The second day of April, and the last day of our Presteigne cottage holiday, we set off to nearby Hergest Croft Gardens. The 70 acre gardens, part of the Hergest Estate, lie on the England-Wales border in Herefordshire, not far from Kington. From the first moment you set foot in the place you know it will be a gardener’s treat at every turn. And how could it not be? Not only does it hold the national collections of maple and birch trees, it is also six gardens in one, created from the late 19th century, and home to over 5,000 rare trees and shrubs; every specimen mindfully placed and nurtured over the years by members of the Banks family, a dynasty of local lawyers-bankers-plants-men-and-women.
We’d hoped for sunshine, but the weather forecast lied. The day of our visit was overcast and, while the profusion of daffodils and magnolia cascades through the trees said ‘spring’, to this human it felt more like winter, the Arctic edge to the breeze lingering on and on, fingering into every exposed cranny. I was glad of my quilt-lined waterproof and woolly hat.
Here and there were signs of winter hanging on. In fact most of the deciduous shrubs and trees seemed to think so too; there was a general air of arboreal slumber, their hint-of-green looks (on closer inspection) often down to profuse colonies of lichens, which tells you something about the quality of the clear, fresh air up on Hergest Ridge.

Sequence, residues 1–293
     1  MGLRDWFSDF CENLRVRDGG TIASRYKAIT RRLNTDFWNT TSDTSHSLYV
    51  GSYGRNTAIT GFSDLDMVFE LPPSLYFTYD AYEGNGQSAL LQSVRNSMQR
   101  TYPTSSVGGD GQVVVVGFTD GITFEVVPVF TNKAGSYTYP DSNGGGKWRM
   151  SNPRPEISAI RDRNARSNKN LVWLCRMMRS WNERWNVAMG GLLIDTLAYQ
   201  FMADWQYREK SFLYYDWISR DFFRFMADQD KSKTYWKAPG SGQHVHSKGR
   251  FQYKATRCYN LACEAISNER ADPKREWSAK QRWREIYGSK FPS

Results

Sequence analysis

In the end it didn’t matter if spring was slow to happen. The gardens were beautiful, and it somehow added to the pleasure of small finds: a clump of violets, some snake’s fritillaries, primroses, more daffodil and magnolia vistas, a maple just unfurling:
Of course all such visits to English gardens must include a tea room, and Hergest Croft has a very fine one with a suitably gracious terrace overlooking the lawns and parkland. The cakes were so delicious I forgot to take their photo (apologies cake lovers). I was anyway distracted by a burst of sunshine. That didn’t last long either.
But by four o’clock even pots of tea and slabs of coffee and lemon cakes could not fend off the gathering chill, and there was one final spot to visit before heading back to the car and the warmth of our Presteigne cottage.
The kitchen garden.
At first sight it was definitely still in winter mode, although the rhubarb was putting on a good spurt, the terracotta covers set out for forcing.
Then we found the orchard, an avenue of ancient apple trees, and beneath them an exuberant (if slightly mad) planting of bulbs and hellebores. I forgot about shivering and laughed. We’d been looking in the wrong place. Who said it wasn’t spring yet?